“Since becoming a director at TVS Motor in 2013, Sudarshan Venu has seen two-wheeler sales grow by over 30 percent. He has successfully introduced exciting new products to the Indian market like the Apache and the new Victor, but not only that, he is also building strong relationships with international industry leaders, earning their trust and respect. This paves the way for significant future growth for TVS Motor in India and globally,” Ralf Speth, CEO, Jaguar Land Rover, tells Forbes India by email. “For example, Sudarshan quickly secured a joint venture with BMW, which has rapidly led to the India-made BMW G310R, but—crucially—also gives TVS an innovation-rich technology platform to support expansion into global markets.”
With his strengths, he could have broken out on his own. But that thought did not even cross his mind, Sudarshan says firmly. “What is the need when there is a solid business that has already been created?” Not that he is happy merely managing what is already there.
The entrepreneurial bug of creating something new has pushed him to “take advantage of emerging opportunities and catch new waves of wealth creation”. He spends considerable time at TVS Emerald which is engaged in building customer-focussed, trustworthy and aspirational homes for the middle class. “The idea to tap into middle class housing was already there, I am giving shape to it,” he says. TVS Emerald has already completed one project in Chennai (it was sold out before completion) and another one has been launched. “We will build scale over the next five years,” he adds. His other area of focus has been TVS Credit—a non-deposit taking NBFC, which offers loans for the purchase of two-wheelers, tractors and used cars. “We want to build a multi-product NBFC which would cater to our customer needs in various retail segments across the country… we expect to scale this business further by entering into newer segments in the next 12-18 months,” he says.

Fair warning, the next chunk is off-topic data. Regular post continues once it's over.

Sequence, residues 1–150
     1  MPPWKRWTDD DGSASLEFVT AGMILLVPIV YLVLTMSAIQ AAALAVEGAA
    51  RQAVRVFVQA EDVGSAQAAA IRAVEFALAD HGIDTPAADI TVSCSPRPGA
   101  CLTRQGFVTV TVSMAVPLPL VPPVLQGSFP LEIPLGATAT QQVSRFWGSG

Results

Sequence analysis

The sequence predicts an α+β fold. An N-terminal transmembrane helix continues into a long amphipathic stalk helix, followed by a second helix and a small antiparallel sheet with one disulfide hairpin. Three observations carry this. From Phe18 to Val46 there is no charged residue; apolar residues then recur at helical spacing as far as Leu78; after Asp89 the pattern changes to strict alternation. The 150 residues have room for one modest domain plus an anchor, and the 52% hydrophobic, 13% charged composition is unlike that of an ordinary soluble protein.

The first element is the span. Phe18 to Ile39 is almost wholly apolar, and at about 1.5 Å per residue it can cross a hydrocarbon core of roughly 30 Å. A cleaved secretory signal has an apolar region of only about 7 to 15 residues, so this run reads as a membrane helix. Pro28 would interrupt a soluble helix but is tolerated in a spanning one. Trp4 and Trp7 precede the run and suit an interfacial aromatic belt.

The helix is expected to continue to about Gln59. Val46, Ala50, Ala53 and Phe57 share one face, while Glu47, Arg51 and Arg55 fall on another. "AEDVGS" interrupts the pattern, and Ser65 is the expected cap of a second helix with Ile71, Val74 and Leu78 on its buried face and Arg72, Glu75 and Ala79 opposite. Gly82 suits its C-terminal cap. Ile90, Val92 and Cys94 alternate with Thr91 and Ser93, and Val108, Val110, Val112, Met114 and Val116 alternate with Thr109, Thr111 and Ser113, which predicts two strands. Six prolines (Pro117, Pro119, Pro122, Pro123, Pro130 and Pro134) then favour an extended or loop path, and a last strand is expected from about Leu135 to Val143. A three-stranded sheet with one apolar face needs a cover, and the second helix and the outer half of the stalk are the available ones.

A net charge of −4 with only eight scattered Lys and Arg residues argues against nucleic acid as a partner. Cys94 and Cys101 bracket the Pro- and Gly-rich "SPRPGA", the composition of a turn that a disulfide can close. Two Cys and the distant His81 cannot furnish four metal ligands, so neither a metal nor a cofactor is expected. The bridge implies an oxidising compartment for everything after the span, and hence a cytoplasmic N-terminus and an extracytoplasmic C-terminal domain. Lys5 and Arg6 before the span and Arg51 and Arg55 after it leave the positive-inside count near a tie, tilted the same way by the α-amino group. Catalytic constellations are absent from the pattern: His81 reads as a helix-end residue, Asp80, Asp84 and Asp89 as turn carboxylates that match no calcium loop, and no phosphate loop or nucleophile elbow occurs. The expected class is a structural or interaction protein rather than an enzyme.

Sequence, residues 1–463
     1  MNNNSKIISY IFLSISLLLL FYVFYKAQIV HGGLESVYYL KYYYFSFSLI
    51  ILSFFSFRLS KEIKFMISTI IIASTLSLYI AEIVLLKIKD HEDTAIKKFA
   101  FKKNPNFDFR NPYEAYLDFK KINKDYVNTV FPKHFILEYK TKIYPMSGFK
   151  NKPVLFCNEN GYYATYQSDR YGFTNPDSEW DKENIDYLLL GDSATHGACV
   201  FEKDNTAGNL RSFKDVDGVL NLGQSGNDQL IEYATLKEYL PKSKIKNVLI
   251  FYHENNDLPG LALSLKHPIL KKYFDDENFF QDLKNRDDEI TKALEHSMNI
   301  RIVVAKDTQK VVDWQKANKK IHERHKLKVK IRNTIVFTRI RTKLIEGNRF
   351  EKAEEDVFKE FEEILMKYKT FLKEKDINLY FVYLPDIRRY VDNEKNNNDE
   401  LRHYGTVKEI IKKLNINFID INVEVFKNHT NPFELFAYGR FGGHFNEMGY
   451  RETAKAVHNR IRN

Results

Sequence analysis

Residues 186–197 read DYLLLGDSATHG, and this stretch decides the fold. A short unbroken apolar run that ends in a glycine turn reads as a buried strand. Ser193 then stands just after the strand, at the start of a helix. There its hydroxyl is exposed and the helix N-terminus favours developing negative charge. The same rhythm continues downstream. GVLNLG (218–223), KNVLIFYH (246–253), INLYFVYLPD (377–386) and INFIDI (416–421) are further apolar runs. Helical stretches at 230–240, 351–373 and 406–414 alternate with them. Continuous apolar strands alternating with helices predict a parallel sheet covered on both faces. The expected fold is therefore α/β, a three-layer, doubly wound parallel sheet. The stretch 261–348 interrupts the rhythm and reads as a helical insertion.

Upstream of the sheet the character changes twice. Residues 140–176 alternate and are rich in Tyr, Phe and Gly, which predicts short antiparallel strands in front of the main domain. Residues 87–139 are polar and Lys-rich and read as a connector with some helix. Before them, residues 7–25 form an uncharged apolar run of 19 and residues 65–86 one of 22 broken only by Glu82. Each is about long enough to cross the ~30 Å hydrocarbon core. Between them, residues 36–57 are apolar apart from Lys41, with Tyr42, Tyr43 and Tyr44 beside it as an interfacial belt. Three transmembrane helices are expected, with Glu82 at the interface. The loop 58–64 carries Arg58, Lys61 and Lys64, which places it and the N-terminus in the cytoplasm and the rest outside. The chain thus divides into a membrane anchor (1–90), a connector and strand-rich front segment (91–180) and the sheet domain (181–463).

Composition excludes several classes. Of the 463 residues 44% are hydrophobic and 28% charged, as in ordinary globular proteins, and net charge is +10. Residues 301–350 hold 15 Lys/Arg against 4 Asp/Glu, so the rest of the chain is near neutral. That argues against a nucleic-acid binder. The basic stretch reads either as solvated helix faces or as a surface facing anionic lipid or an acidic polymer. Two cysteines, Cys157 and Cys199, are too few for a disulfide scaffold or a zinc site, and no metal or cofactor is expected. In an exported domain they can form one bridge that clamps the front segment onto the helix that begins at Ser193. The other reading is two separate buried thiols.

Even as he charts his own path within the family business, he acknowledges the role played by his parents: “They taught me entrepreneurship, values, the quality mindset, importance of customer satisfaction and commitment to the society,” he says. There have been other influences too—his mentors. Lord Kumar Bhattacharyya, chairman, WMG, is one of them; Sudarshan goes to Warwick whenever he feels the need for his inputs. “He exposed me to the global auto sector and helped me analyse international trends,” he says. Another person Sudarshan admires is Shashi Ruia, founder-chairman, Essar. “Mr Ruia is amazing in dealing with people and he taught me how to encourage and motivate a team to perform at peak level,” he says.
The admiration is mutual. “Great leaders are great learners. Sudarshan is an embodiment of these qualities. He is friendly and approachable. The humility and the willingness to learn backed by the values that he has inherited from his family make him a person to watch out for in the auto industry,” says Ruia.
Lord Bhattacharyya, too, is generous with his praise. “Like his father, Sudarshan is modest and humble… Don’t let the unassuming politeness fool you, though; he is focussed and clear-eyed about the need for technical innovation, consumer focus and global collaboration in business success,” he says. In a sense, he has figured out how to marry his drive to succeed with real thought for others. For evidence, consider this anecdote shared by Lord Bhattacharyya via email to Forbes India. “Sudarshan likes good coffee,” he writes, “and once he briefly chatted about this with the staff in my office who shared his enthusiasm. Many months later, when he was about to leave the WMG, he gave the office a coffee machine as a surprise thank you gift. This is one of the many times I have seen Sudarshan show the perceptiveness and attention to detail that generates real loyalty. It’s a rare trait and one that I believe will be a hallmark of his career.” And it is a reassuring sign for the future of his company.
Sudarshan Venu is raising the aspirational quotient of the bikes TVS Motor manufactures through better design and marketing. He has entered into a tie-up with BMW Motorrad to produce sub-500 cc bikes. He is also looking at grabbing other opportunities of wealth creation such as affordable housing and expanding the finance business